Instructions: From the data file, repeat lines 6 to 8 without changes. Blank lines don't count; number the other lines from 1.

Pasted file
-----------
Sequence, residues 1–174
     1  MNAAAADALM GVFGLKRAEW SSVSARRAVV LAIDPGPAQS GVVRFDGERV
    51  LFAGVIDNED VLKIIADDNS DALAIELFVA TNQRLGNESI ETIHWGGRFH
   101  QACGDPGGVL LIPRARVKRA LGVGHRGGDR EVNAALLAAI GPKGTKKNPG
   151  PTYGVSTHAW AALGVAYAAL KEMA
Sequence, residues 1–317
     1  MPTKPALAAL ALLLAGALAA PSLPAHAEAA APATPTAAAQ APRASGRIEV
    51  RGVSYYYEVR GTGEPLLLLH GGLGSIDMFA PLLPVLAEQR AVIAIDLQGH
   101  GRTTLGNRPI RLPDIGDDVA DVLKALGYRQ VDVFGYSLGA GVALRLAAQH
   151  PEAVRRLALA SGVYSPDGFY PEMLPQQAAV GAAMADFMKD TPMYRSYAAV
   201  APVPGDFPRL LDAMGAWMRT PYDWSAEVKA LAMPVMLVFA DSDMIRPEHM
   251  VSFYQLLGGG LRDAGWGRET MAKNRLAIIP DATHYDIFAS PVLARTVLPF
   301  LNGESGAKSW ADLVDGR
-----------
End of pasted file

Sequence, residues 1–317
     1  MPTKPALAAL ALLLAGALAA PSLPAHAEAA APATPTAAAQ APRASGRIEV
    51  RGVSYYYEVR GTGEPLLLLH GGLGSIDMFA PLLPVLAEQR AVIAIDLQGH